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UW-Madison studying placentas to help determine when a premature birth is likely

MADISON, Wis. (AP) — University of Madison researchers are studying placentas from births at a local hospital to identify structural changes in fetal membranes that could help determine when a premature birth is likely to occur.

The Morgridge Institute for Research this month began studying four placentas from UnityPoint Health-Meriter, the Wisconsin State Journal reported . The study could examine up to 70 placentas, which are typically discarded.

University scientists also hope to create fiber optic cameras and enhance ultrasound technology to help doctors see changes in fetal members or the cervix that could indicate an early delivery.

"We want to learn the different ways things can go wrong," said Kayvan Samimi, a postdoctoral researcher who is leading the project. "The long-term goal is ... to make a catheter, a small probe that a clinician could use to study the integrity of the membranes, the health of the pregnancy."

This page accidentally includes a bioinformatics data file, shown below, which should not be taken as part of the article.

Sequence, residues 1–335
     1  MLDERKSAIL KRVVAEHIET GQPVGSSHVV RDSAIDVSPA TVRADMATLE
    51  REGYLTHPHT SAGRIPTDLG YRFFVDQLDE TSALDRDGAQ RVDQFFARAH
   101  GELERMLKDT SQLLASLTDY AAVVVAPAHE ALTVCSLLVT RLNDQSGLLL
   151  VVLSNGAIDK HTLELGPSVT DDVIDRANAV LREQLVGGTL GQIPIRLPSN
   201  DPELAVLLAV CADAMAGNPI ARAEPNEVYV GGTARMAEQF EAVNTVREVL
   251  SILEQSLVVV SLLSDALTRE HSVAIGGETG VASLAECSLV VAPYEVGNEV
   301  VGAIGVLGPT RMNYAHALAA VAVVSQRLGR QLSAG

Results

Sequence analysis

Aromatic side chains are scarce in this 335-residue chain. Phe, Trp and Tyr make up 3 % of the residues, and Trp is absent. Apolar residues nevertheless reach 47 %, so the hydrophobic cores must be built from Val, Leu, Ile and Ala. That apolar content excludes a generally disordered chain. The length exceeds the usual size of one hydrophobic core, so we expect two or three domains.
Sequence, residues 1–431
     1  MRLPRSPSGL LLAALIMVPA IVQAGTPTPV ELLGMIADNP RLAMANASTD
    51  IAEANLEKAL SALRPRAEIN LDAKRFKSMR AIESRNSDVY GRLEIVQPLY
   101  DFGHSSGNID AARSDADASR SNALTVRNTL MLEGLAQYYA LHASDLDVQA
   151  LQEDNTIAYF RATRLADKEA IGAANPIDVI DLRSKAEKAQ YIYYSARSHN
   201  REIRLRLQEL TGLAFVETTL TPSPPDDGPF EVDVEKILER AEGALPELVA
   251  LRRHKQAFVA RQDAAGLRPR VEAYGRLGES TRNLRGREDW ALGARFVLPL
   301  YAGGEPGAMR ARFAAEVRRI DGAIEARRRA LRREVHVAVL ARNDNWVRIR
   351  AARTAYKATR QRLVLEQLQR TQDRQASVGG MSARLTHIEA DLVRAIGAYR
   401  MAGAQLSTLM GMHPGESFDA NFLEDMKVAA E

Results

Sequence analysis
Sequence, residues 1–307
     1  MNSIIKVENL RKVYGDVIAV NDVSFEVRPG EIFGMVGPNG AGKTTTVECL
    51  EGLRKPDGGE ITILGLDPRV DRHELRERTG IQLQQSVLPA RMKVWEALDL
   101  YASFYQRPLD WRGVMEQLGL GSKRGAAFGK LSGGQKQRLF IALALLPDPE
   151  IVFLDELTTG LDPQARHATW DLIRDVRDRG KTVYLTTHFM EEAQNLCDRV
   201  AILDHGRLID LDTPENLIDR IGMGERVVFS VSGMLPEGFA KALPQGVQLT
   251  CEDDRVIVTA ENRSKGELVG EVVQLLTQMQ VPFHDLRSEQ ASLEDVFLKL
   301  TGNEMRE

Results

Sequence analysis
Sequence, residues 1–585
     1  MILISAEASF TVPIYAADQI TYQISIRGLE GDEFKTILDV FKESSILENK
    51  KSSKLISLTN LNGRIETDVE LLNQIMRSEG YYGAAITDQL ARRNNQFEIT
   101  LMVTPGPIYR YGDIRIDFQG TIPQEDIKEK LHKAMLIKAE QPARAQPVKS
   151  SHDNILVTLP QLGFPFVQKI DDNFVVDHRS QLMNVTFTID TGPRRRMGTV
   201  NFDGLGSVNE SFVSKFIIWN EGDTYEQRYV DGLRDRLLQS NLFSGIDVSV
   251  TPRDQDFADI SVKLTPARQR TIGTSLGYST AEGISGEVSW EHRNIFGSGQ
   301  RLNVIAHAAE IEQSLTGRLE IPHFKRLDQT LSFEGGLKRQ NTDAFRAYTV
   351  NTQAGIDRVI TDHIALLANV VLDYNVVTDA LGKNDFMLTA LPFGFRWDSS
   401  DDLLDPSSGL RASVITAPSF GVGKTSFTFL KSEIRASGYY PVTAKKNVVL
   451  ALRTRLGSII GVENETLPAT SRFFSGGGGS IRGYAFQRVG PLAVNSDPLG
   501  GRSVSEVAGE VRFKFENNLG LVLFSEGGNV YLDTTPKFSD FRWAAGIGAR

Researchers hope the light will be able to help identify small changes in the membranes that ultrasounds can't detect.

"You can see smaller things with light than you can with sound," said Melissa Skala, a mechanical engineering investigator at Morgridge.

Babies born early may not feed well, can be developmentally delayed and may have problems breathing, seeing and hearing, according to the Centers for Disease Control and Prevention. Pregnant women who are black, have a low socioeconomic status or are younger or older than typical maternal age are at increased risk for preterm birth, the CDC said.

But Dr. Helen Feltovich, an obstetrician who is on the UW-Madison faculty, said it's nearly impossible to tell if or when a woman may deliver early.

Feltovich, who specializes in high-risk births, recalled a story where a woman seemed fine, only to have her fetal membranes rupture suddenly, causing her to lose her twins.

"That's why we're doing this work," Feltovich said. "It happens all the time, and it's really sad, and we don't know why."

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